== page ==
The eldest of the children Wexford was interested in was on the upper limits of childhood. She was sixteen, old enough to marry, though not to vote, old enough to leave school if she so chose and leave home too if she wanted to.

Her name was Lizzie Cromwell.


On the day Lizzie came back from the dead the police and her family and neighbors had already begun the search for her body. They worked on the open countryside between Kingsmarkham and Myringham, combing the hillsides and beating through the woods. It was April but cold and wet, and a sharp northeast wind was blowing. Their task was not a pleasant one; no one laughed or joked and there was little talking.

Lizzie’s stepfather was among the searchers, but her mother was too upset to leave the house. The evening before, the two of them had appeared on television to appeal for Lizzie to come home, for her abductor or attacker, whatever he might be, to release her. Her mother said she was only sixteen, which was already known, and that she had learning difficulties, which was not. Her stepfather was a lot younger than her mother, perhaps ten years, and looked very young. He had long hair and a beard and wore several earrings, all in the same ear. After the television appearance several people phoned Kingsmarkham Police Station and opined that Colin Crowne had murdered his stepdaughter. One said Colin had buried her on the building site down York Street, a quarter of a mile down the road from where the Crownes and Lizzie lived on the Muriel Campden Estate. Another told Detective Sergeant Vine that she had heard Colin Crowne threaten to kill Lizzie "because she was as thick as two planks."

"Those folks as go on telly to talk about their missing kids," said a caller who refused to give her name, "they’re always the guilty ones. It’s always the dad. I’ve seen it time and time again. If you don’t know that, you’ve no business being in the police."

Chief Inspector Wexford thought she was dead. Not because of what the anonymous caller said, but because all the evidence pointed that way. Lizzie had no boyfriend, she was not at all precocious, she had a low IQ and was rather slow and timid. Three evenings before, she had gone with some friends on the bus to the cinema in Myringham, but at the end of the film the other two girls had left her to come home alone. They had asked her to come clubbing with them but Lizzie had said her mother would be worried—the friends thought Lizzie herself was worried at the idea—and they left her at the bus stop. It was just before eight-thirty and getting dark. She should have been home in Kingsmarkham by nine-fifteen, but she didn’t come home at all. At midnight her mother had phoned the police.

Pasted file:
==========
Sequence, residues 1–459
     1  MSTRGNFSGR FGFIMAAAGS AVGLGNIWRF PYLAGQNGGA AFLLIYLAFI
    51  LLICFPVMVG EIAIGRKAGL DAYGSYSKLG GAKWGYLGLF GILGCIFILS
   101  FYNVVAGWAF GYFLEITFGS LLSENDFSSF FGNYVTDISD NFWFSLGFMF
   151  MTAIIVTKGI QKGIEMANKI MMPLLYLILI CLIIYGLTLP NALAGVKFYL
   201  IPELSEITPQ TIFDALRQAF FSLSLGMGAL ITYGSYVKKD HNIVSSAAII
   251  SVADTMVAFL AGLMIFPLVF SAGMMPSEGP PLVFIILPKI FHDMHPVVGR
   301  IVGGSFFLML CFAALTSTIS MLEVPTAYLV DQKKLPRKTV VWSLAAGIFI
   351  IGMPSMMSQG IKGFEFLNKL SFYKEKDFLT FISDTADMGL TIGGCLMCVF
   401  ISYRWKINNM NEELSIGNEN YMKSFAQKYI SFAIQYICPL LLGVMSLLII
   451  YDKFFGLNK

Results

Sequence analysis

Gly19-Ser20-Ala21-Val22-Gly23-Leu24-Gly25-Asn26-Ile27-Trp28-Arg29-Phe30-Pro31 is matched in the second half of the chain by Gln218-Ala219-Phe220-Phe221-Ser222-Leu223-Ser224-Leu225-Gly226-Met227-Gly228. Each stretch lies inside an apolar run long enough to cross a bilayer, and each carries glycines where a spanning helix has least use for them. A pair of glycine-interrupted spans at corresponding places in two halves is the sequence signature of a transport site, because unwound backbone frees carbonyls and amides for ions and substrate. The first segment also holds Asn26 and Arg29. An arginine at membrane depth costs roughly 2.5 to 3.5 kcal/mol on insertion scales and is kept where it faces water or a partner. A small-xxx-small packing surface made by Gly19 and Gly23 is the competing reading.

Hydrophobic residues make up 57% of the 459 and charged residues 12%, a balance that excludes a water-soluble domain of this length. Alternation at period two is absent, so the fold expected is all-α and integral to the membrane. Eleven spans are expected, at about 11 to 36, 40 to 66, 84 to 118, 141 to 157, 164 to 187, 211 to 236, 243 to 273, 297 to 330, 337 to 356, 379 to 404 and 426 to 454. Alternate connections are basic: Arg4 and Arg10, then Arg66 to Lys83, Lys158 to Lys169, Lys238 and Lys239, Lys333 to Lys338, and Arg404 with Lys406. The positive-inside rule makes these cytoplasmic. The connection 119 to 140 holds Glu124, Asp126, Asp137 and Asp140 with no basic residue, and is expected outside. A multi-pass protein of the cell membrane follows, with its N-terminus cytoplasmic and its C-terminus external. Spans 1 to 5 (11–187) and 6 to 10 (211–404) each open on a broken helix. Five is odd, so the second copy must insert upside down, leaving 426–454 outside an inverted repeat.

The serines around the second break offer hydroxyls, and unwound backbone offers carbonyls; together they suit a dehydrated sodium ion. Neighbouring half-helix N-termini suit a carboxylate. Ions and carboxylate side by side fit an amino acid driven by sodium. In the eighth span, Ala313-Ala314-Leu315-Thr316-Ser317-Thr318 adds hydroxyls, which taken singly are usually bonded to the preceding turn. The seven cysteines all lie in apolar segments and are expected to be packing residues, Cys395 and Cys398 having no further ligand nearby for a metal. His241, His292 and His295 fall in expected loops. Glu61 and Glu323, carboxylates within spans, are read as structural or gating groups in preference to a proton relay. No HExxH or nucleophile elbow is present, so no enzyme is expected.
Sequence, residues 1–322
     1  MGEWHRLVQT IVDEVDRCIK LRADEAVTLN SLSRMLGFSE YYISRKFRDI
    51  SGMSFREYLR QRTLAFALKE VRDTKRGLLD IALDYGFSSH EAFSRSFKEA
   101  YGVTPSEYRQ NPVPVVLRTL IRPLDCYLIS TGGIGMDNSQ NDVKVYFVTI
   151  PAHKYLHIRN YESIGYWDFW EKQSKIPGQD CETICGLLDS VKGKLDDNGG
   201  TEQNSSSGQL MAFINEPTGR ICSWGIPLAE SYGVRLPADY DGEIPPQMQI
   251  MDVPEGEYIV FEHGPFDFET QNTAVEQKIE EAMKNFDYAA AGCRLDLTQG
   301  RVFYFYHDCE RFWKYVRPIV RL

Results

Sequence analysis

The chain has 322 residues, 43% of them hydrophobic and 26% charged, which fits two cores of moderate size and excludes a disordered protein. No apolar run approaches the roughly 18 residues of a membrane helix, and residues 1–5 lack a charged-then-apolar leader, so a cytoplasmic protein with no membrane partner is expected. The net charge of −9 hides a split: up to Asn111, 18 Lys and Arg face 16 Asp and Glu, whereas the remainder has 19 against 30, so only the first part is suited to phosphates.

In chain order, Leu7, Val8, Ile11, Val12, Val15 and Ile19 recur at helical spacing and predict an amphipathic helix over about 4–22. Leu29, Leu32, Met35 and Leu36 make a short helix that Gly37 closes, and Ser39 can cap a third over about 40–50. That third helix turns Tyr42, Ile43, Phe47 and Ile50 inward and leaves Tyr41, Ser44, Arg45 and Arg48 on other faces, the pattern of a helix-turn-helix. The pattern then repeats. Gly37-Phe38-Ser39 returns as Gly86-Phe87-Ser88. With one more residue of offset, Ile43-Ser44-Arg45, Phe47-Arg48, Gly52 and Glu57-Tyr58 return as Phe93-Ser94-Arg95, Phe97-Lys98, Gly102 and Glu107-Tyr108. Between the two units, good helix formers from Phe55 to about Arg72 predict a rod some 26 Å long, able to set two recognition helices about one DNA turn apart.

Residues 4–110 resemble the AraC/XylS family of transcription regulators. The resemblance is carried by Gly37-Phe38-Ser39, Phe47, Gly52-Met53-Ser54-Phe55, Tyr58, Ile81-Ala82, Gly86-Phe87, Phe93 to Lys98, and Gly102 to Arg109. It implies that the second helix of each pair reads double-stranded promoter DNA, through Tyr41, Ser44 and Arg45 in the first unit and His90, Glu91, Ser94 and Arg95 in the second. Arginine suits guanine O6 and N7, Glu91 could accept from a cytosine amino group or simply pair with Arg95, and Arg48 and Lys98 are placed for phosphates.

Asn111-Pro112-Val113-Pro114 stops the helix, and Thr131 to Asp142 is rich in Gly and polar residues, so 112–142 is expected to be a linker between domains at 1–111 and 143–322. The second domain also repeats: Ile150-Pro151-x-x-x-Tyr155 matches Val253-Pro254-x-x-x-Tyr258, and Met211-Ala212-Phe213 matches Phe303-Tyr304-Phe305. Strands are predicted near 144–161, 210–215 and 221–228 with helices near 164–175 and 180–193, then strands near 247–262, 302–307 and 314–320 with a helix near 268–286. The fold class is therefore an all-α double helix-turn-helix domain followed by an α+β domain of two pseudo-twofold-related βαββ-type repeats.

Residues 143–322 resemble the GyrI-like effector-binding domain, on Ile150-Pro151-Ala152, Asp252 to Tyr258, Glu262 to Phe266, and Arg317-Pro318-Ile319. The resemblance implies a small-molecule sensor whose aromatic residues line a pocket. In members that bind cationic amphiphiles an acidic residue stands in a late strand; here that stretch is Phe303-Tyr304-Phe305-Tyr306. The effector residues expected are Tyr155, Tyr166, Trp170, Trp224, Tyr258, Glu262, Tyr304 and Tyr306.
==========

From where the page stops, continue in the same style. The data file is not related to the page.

If she had been, well, a different sort of girl, Wexford wouldn’t have paid so much attention. If she had been more like her friends. He hesitated about the phrase he used even in his own mind, for he liked to keep to his personal brand of political correctness in his thoughts as well as his speech. Not to be absurd about it, not to use ridiculous expressions like intellectually challenged, but not to be insensitive either and call a girl such as Lizzie Cromwell mentally handicapped or retarded. Besides, she wasn’t either of those things, she could read and write, more or less, she had a certain measure of independence and went about on her own. In daylight, at any rate. But she wasn’t fit just the same to be left alone after dark on a lonely road. Come to that, what girl was?

So he thought she was dead. Murdered by someone. What he had seen of Colin Crowne he hadn’t much liked, but he had no reason to suspect him of killing his stepdaughter. True, some years before he married Debbie Cromwell, Crowne had been convicted of assault on a man outside a pub, and he had another conviction for taking and driving away—in other words, stealing—a car. But what did all that amount to? Not much. It was more likely that someone had stopped and offered Lizzie a lift.

"Would she accept a lift from a stranger?" Vine had asked Debbie Crowne.

"Sometimes it’s hard to make her like understand things," Lizzie’s mother had said. "She’ll sort of say yes and no and smile—she smiles a lot, she’s a happy kid— but you don’t know if it’s like sunk in. Do you, Col?"

"I’ve told her never talk to strangers," said Colin Crowne. "I’ve told her till I’m blue in the face, but what do I get? A smile and a nod and another smile, then she’ll just say something else, something loony, like the sun’s shining or what’s for tea."

"Not loony, Col," said the mother, obviously hurt.

"You know what I mean."

So when she had been gone three nights and it was the morning of the third day, Colin Crowne and the neighbors on either side of the Crownes on the Muriel Campden Estate started searching for Lizzie. Wexford had already talked to her friends and the driver of the bus she should have been on but hadn’t been on, and Inspector Burden and Sergeant Vine had talked to dozens of motorists who used that road daily around about that time. When the rain became torrential, which happened at about four in the afternoon, they called off the search for that day, but they were set to begin again at first light. Taking DC Lynn Fancourt with him, Wexford went over to Puck Road for another talk with Colin and Debbie Crowne.

When it was built in the sixties, on an open space that would now be called a "green field area," between the top of York Street and the western side of Glebe Road, the three streets and block of flats on a green in the midst of them, it had been called the York Estate. The then chairman of the housing committee, who had done A Midsummer Night’s Dream for his school certificate and was proud of the knowledge thus gained, named the streets after characters in that comedy, Oberon, Titania, and Puck. This last had always been a problem to tenants, the police, and the local authority because of the opportunity it gave the local youth of transforming, with a can of spray paint and the minimum effort, an innocent name into an obscenity.